“Governments have made promises to clean up the environment and address the climate emergency for decades but having a right to a healthy environment changes people’s perspective from ‘begging’ to demanding governments to act”, he recently told UN News.

A victory five decades in the making

In 1972, the United Nations Conference on the Environment in Stockholm, which ended with its own historic declaration, was the first one to place environmental issues at the forefront of international concerns and marked the start of a dialogue between industrialized and developing countries on the link between economic growth, the pollution of the air, water and the ocean, and the well-being of people around the world.

UN Member States back then, declared that people have a fundamental right to “an environment of a quality that permits a life of dignity and well-being,” calling for concrete action and the recognition of this right.

Last October, after decades of work by nations at the front lines of climate change, such as the Maldives archipelago, as well as more than 1,000 civil society organisations, the Human Rights Council finally recognised this right and called for the UN General Assembly to do the same.

“From a foothold in the 1972 Stockholm Declaration, the right has been integrated into constitutions, national laws and regional agreements. Today’s decision elevates the right to where it belongs: universal recognition”, UN Environment chief, Inger Andersen, explained in a statement published this Thursday.

The recognition of the right to a healthy environment by these UN bodies, although not legally binding— meaning countries don’t have a legal obligation to comply— is expected to be a catalyst for action and to empower ordinary people to hold their governments accountable.

“So, the recognition of this right is a victory we should celebrate. My thanks to Member States and to the thousands of civil society organizations and indigenous peoples’ groups, and tens of thousands of young people who advocated relentlessly for this right. But now we must build on this victory and implement the right”, Ms. Andersen added.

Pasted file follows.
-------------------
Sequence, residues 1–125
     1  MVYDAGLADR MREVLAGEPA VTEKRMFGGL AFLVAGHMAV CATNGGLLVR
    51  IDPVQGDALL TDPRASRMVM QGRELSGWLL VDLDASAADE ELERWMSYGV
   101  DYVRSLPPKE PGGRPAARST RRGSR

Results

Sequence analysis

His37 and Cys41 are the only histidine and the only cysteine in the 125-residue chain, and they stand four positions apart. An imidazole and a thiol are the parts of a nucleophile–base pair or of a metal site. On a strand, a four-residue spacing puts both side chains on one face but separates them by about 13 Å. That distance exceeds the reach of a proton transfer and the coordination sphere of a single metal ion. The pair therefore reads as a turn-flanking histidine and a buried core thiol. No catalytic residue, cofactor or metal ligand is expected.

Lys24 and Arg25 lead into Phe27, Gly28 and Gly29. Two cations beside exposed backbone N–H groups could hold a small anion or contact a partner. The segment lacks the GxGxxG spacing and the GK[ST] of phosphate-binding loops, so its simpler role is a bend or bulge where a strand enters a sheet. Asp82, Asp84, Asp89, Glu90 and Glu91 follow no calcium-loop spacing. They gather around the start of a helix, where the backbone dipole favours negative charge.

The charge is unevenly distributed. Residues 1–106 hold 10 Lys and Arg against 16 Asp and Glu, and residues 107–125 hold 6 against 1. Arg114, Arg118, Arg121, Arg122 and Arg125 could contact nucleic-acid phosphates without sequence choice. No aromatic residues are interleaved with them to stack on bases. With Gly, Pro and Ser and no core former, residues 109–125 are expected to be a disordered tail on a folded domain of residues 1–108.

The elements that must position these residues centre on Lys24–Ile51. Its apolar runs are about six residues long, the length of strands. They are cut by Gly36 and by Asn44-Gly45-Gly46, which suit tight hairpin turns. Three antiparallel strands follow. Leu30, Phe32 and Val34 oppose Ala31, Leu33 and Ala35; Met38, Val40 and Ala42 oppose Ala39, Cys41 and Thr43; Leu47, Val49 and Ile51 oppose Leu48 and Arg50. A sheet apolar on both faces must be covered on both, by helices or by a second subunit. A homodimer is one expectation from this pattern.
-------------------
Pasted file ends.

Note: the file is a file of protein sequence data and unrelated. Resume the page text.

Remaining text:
Triple crisis response

As mentioned by the UN Secretary-General, the newly recognised right will be crucial to tackling the triple planetary crisis.

This refers to the three main interlinked environmental threats that humanity currently faces: climate change, pollution and biodiversity loss – all mentioned in the text of the resolution.

Each of these issues has its own causes and effects and they need to be resolved if we are to have a viable future on Earth.

The consequences of climate change are becoming increasingly apparent, through increased intensity and severity of droughts, water scarcity, wildfires, rising sea levels, flooding, melting polar ice, catastrophic storms and declining biodiversity.

Meanwhile, according to the World Health Organization (WHO), air pollution is the largest cause of disease and premature death in the world, with more than seven million people dying prematurely each year due to pollution.

Finally, the decline or disappearance of biological diversity – which includes animals, plants and ecosystems – impacts food supplies, access to clean water and life as we know it.

* States who abstained: China, Russian Federation, Belarus, Cambodia, Iran, Syria, Kyrgyzstan and Ethiopia.


Full Text Of The Resolution